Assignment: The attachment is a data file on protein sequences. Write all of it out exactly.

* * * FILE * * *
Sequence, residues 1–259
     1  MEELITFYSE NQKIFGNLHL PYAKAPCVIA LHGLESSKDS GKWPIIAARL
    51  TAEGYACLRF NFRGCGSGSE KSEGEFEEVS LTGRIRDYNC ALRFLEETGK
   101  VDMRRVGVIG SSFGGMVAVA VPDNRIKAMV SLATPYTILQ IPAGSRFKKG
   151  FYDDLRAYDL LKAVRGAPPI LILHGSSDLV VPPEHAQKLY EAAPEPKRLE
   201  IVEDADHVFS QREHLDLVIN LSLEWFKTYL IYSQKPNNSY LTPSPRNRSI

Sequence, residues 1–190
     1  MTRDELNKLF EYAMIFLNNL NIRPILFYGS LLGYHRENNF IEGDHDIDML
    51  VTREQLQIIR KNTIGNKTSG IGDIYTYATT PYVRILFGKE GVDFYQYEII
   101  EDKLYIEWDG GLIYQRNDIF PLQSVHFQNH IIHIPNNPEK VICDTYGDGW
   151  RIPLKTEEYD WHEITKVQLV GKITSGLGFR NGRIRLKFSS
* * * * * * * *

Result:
Sequence, residues 1–259
     1  MEELITFYSE NQKIFGNLHL PYAKAPCVIA LHGLESSKDS GKWPIIAARL
    51  TAEGYACLRF NFRGCGSGSE KSEGEFEEVS LTGRIRDYNC ALRFLEETGK
   101  VDMRRVGVIG SSFGGMVAVA VPDNRIKAMV SLATPYTILQ IPAGSRFKKG
   151  FYDDLRAYDL LKAVRGAPPI LILHGSSDLV VPPEHAQKLY EAAPEPKRLE
   201  IVEDADHVFS QREHLDLVIN LSLEWFKTYL IYSQKPNNSY LTPSPRNRSI

Sequence, residues 1–190
     1  MTRDELNKLF EYAMIFLNNL NIRPILFYGS LLGYHRENNF IEGDHDIDML
    51  VTREQLQIIR KNTIGNKTSG IGDIYTYATT PYVRILFGKE GVDFYQYEII
   101  EDKLYIEWDG GLIYQRNDIF PLQSVHFQNH IIHIPNNPEK VICDTYGDGW
   151  RIPLKTEEYD WHEITKVQLV GKITSGLGFR NGRIRLKFSS